JAKARTA, Indonesia — The official royal consort of the king of Thailand was stripped of her title just months after she was given the rare designation, accused in a statement from the palace on Monday of disloyalty and trying to supplant the queen.
The king, who ascended the throne in 2016 on the death of his father, had appointed a royal consort less than three months ago, on his 67th birthday, and only two months after he married his fourth wife. The royal consort title had not been used in nearly a century.
The statement, posted in the Royal Thai Government Gazette on behalf of King Maha Vajiralongkorn Bodindradebayavarangkun, described the ousted consort, Sineenat Bilaskalayani, 34, as “ambitious” and acting “in all respects to be equal to the Queen.”
The former consort was a major general, and was also stripped of her military rank, decorations and position. She had previously been known as Sineenat Wongvajirapakdi, which means loyal to King Maha Vajiralongkorn.
In August, the website of the Royal Household Bureau posted dozens of photos of her, including one of her in sitting an airplane cockpit wearing a camouflage-printed sports bra and another aiming an assault rifle while clad in combat gear and holding the king’s pet poodle.
The king is seldom seen in public and is said to spend much of his time in Germany, where he maintained a residence before ascending the throne. He is one of the world’s richest men with a fortune estimated to be worth at least $30 billion.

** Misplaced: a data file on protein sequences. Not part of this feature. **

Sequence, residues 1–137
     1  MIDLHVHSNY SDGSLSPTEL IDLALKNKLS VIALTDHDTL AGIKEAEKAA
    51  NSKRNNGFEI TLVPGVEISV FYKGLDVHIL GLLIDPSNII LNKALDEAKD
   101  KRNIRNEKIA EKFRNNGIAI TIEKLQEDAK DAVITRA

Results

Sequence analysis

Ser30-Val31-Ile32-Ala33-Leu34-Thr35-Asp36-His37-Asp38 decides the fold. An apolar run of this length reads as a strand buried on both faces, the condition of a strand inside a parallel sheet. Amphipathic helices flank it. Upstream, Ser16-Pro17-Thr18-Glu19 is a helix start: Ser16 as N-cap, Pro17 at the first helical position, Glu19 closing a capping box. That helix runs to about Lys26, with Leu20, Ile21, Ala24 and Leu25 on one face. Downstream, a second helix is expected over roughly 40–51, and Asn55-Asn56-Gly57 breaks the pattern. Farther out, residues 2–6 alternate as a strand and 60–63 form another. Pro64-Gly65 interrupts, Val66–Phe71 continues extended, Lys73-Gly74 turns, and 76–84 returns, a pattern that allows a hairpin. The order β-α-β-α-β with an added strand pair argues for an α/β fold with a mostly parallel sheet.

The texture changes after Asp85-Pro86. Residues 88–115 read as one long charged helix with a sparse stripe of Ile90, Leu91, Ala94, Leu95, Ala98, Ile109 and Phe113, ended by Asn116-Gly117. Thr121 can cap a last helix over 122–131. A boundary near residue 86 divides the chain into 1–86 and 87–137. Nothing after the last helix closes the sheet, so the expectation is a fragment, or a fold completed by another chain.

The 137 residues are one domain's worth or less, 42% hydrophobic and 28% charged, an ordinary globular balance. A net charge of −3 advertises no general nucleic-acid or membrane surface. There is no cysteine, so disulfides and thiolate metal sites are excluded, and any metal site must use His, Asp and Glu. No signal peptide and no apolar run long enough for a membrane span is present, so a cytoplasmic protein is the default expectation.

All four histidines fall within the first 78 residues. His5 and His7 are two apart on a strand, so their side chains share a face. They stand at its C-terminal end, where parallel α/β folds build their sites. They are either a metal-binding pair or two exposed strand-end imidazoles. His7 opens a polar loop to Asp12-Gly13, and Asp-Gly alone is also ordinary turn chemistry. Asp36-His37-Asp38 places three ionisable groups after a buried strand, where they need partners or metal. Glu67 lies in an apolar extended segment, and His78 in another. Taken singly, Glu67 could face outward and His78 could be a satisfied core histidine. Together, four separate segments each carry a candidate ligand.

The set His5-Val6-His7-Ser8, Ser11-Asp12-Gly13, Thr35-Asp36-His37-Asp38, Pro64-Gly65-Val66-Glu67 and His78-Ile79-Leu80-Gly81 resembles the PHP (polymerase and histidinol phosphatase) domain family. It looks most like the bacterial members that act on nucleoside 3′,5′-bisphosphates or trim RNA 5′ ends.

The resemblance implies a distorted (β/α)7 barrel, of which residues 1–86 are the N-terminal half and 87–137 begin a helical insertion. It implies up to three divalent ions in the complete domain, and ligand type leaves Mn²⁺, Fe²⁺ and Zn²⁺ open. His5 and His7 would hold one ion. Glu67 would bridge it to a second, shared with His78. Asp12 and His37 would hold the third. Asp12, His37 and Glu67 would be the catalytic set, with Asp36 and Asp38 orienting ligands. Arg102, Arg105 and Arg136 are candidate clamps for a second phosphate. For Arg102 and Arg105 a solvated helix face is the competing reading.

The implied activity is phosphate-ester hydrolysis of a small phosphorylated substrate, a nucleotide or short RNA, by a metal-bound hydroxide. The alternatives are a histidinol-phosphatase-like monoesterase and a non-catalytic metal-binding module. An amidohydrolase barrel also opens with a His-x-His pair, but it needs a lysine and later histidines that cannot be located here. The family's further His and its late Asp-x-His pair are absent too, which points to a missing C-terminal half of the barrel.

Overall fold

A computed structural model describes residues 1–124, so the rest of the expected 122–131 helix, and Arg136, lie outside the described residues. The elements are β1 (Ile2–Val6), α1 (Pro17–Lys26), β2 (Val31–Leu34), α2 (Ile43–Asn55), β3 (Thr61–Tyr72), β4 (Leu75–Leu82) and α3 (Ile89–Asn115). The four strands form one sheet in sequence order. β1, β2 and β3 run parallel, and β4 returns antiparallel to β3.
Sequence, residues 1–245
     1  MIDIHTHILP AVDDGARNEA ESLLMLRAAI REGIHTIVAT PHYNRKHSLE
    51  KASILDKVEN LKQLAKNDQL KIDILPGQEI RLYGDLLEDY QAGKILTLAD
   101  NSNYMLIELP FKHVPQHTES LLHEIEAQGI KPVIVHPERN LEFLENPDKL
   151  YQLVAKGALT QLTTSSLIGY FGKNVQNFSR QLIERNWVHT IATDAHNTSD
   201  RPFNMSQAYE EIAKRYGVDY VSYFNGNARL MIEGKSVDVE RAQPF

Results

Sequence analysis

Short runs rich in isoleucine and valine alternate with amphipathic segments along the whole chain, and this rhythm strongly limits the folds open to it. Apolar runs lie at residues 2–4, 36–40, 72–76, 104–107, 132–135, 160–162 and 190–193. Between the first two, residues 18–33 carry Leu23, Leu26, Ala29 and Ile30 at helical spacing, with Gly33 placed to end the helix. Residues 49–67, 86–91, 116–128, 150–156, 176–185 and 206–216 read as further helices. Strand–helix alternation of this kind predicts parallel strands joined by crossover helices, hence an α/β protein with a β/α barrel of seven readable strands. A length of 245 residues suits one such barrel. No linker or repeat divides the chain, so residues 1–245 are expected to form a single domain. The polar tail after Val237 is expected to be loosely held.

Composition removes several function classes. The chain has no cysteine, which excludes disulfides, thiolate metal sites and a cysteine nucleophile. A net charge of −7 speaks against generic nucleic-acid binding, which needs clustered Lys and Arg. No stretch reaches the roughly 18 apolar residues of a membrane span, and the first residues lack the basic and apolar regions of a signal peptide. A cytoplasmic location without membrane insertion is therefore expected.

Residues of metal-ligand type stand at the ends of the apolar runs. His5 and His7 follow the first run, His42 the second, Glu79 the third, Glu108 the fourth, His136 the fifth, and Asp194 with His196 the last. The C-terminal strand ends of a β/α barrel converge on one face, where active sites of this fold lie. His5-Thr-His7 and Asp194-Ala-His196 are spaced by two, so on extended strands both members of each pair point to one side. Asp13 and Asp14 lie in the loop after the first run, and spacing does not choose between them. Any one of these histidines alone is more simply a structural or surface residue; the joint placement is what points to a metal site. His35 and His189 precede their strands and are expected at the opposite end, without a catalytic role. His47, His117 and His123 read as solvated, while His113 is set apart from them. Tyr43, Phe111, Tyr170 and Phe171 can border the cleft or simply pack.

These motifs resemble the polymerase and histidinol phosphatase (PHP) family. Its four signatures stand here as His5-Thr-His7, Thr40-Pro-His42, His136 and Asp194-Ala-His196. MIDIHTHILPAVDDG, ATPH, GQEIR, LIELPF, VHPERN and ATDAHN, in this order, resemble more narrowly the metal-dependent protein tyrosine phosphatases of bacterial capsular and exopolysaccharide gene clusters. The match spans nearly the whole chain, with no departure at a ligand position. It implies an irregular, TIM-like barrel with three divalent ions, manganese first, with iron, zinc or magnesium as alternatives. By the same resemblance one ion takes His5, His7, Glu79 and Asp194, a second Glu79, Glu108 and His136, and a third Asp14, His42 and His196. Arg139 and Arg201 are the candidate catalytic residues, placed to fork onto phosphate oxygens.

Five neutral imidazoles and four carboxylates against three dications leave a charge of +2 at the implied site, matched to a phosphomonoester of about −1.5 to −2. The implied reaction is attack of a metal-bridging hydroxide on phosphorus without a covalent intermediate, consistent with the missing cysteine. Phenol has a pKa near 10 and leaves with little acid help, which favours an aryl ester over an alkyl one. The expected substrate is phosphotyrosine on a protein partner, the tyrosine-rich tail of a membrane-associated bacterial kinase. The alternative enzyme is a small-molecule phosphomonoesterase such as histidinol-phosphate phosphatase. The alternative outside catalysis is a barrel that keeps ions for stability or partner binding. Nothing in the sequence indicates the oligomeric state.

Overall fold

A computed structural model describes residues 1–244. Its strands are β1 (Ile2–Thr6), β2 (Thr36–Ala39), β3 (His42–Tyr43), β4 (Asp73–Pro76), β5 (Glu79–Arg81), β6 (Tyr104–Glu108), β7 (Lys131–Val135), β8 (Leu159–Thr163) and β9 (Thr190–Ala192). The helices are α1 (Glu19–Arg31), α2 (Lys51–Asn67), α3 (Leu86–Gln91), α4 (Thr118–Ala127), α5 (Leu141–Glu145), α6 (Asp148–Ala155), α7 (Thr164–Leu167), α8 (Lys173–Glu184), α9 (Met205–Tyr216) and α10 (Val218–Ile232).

The consort appointment came soon after the announcement that King Maha Vajiralongkorn had married his fourth wife, Queen Suthida Vajiralongkorn Na Ayudhya, a former flight attendant.
Both Queen Suthida and then-General Sineenat participated in the king’s coronation, a $30-million affair that took place in May.
But after the king and queen married, Ms. Sineenat pressured the king not to install the queen but to make her queen instead, according to the palace statement, which was also read on the evening news.
Other offenses included being “insubordinate to the king and queen,” showing a “lack of gratitude” and “causing the royal household staff to be discordant.”
Ms. Sineenat graduated from the Army Nursing College in 2008. As a major general, she had been a member of the king’s bodyguard corps.
Many Thais see the monarch as a demigod. And Thailand has a strict lese-majeste law that makes it a crime to insult the king, queen, heir apparent or regent. Such a crime is punishable by up to 15 years in prison, making many Thais refrain from discussing the monarchy in public.
Ryn Jirenuwat contributed reporting from Chiang Rai, Thailand.